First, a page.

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Tirzepatide maintains AC1 and weight control in type 2 diabetes patients

The highest dose of tirzepatide led to an A1C reduction of 2.58 percent and reduced body weight by 11.7kg in Phase III study.

Diabetic woman taking blood glucose levels

Adults with type 2 diabetes with increased cardiovascular (CV) risk experienced superior A1C and body weight reductions from baseline across all three doses of tirzepatide compared to titrated insulin glargine in results from Eli Lilly and Company’s SURPASS-4 clinical trial. The study results were published in The Lancet.

At 52 weeks, the highest dose of tirzepatide led to an A1C reduction of 2.58 percent and reduced body weight by 11.7 kg  compared to results for those treated with insulin glargine (A1C reduction of 1.44 percent and weight gain of 1.9 kg [+4.2 lb., +2.2 percent]) for the efficacy estimand.

Tirzepatide is a once-weekly dual glucose-dependent insulinotropic polypeptide (GIP) and glucagon-like peptide-1 (GLP-1) receptor agonist that integrates the actions of both incretins into a single novel molecule. GIP is a hormone that may complement the effects of GLP-1.

SURPASS-4 is the largest and longest clinical trial completed to date of the Phase III programme studying tirzepatide as a potential treatment for type 2 diabetes. The trial achieved each of its primary and key secondary endpoints. All three doses of tirzepatide (5mg, 10mg and 15mg) led to statistically significant and superior A1C and body weight reductions compared to insulin glargine for both estimands at 52 weeks (the primary endpoint). Specifically, the efficacy estimand results showed:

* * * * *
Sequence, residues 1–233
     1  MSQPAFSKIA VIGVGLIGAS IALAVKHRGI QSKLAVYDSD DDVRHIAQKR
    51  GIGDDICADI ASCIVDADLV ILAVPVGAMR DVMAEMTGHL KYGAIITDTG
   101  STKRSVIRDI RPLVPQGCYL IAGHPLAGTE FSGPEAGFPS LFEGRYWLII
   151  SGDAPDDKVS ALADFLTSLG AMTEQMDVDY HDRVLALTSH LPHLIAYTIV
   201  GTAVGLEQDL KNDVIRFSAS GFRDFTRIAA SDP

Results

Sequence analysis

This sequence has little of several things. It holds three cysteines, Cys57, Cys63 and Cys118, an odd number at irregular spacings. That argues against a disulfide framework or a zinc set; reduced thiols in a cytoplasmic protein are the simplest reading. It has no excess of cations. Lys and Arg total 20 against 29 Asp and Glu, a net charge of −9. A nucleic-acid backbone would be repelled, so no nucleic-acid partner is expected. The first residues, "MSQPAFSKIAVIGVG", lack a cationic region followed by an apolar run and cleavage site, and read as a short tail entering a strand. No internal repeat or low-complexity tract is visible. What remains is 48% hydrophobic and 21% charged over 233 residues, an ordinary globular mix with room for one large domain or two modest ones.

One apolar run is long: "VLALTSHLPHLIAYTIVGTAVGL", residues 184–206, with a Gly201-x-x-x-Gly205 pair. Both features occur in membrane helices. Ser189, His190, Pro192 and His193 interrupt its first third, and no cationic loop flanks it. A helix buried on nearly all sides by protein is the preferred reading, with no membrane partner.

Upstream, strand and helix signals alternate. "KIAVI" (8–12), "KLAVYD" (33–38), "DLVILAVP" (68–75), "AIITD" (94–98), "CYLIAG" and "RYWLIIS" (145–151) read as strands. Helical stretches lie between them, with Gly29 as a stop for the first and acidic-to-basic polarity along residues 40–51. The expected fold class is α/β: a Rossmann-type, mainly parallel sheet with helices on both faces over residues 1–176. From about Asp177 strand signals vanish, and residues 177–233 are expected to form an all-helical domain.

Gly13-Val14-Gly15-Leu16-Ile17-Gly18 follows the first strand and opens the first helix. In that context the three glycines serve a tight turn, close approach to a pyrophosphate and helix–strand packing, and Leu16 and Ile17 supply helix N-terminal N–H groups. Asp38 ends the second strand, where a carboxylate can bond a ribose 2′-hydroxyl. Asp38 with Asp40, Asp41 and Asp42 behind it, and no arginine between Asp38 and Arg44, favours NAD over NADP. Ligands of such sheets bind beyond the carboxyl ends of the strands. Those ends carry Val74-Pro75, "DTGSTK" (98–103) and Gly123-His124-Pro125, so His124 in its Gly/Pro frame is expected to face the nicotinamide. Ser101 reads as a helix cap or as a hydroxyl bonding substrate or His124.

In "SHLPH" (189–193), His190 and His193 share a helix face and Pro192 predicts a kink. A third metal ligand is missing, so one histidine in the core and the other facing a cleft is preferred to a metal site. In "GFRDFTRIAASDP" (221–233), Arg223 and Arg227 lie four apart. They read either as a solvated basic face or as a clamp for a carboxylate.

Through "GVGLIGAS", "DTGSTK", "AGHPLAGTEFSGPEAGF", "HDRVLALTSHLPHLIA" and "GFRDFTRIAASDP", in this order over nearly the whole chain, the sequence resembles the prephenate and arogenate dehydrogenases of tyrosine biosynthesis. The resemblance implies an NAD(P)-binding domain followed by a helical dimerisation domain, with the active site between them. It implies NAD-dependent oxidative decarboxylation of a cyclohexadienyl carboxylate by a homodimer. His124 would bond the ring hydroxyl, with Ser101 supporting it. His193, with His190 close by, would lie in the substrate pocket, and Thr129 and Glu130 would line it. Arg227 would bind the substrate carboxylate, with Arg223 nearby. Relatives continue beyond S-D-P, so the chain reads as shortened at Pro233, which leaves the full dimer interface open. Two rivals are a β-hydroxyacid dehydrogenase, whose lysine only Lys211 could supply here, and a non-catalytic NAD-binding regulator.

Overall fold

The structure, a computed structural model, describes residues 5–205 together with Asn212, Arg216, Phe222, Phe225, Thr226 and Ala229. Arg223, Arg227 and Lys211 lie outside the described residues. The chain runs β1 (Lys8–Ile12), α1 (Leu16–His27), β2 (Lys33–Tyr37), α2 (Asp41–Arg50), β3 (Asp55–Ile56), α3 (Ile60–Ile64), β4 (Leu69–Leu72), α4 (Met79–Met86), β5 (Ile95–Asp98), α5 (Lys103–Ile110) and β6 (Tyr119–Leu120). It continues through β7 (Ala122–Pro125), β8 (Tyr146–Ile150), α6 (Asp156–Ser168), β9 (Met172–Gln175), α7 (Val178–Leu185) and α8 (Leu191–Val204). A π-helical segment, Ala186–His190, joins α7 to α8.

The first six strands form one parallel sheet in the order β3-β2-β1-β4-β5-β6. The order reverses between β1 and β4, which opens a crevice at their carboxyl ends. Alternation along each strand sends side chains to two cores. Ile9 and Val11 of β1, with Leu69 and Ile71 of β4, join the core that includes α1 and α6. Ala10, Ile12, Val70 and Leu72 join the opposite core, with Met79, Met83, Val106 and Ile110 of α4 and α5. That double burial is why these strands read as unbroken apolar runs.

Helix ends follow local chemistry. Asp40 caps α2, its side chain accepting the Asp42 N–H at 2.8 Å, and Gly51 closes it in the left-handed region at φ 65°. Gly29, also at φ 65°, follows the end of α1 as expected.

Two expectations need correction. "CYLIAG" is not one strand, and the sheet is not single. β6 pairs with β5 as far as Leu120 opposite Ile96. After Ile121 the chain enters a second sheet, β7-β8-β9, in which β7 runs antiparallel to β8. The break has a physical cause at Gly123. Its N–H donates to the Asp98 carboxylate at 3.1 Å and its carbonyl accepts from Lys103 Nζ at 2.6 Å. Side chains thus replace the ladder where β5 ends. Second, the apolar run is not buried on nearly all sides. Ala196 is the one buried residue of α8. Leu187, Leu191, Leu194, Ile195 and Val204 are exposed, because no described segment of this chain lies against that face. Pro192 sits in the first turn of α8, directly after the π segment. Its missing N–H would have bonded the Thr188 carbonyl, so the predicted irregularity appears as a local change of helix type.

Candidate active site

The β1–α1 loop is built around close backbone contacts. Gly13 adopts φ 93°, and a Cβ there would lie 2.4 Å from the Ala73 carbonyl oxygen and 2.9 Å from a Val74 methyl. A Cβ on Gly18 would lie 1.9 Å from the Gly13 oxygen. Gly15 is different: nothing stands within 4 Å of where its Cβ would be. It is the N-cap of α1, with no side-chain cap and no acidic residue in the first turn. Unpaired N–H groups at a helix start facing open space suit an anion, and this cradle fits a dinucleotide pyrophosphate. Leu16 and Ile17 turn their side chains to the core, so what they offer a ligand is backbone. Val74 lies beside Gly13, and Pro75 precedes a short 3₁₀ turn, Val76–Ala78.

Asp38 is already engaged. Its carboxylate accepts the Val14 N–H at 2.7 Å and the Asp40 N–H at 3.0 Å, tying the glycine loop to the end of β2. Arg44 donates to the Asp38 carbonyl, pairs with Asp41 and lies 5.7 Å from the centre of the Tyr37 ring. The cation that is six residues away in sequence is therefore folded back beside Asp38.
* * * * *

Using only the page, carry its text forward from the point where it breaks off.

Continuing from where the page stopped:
• A1C reduction: -2.24 percent (5 mg), -2.43 percent (10mg), -2.58 percent (15mg), -1.44 percent (insulin glargine)
  • Weight change: -7.1kg (-8.1 percent, 5mg), -9.5kg (-10.7 percent, 10mg), -11.7 kg (-13.0 percent, 15mg), +1.9 kg (+2.2 percent, insulin glargine)
  • Percent of participants achieving A1C <7 percent: 81 percent (5mg), 88 percent (10mg), 91 percent (15mg), 51 percent (insulin glargine)
  • Percent of participants achieving A1C <5.7 percent: 23 percent (5mg), 33 percent (10 mg), 43 percent (15mg), three percent (insulin glargine).

For the treatment-regimen estimand, all three doses of tirzepatide led to superior A1C and weight reductions at 52 weeks. Specifically, results showed:

  • A1C reduction: -2.11 percent (5mg), -2.30 percent (10mg), -2.41 percent (15mg), -1.39 percent (insulin glargine)
  • Weight change: -6.4 kg (5mg), -8.9 kg (10mg), -10.6 kg (15mg), +1.7 kg (insulin glargine)
  • Percent of participants achieving A1C greater than seven percent: 75 percent (5mg), 83 percent (10mg), 85 percent (15mg), 49 percent (insulin glargine).

Study participants had a mean duration of diabetes of 11.8 years, a baseline A1C of 8.52 percent and a baseline weight of 90.3kg. More than 85 percent of participants had a history of cardiovascular events. In the insulin glargine arm, the insulin dose was titrated following a treat-to-target algorithm with the goal of fasting blood glucose below 100 mg/dL. The starting dose of insulin glargine was 10 units per day, and the mean dose of insulin glargine at 52 weeks was 43.5 units per day.

“Given the progressive nature of type 2 diabetes, evaluating the positive efficacy results we have seen with tirzepatide over longer periods of time is important,” commented Dr Jeff Emmick, vice president of Product Development. “Throughout the length of SURPASS-4, tirzepatide delivered robust improvements in blood glucose levels, significant weight loss and consistent safety results in adults with type 2 diabetes and increased cardiovascular risk.”

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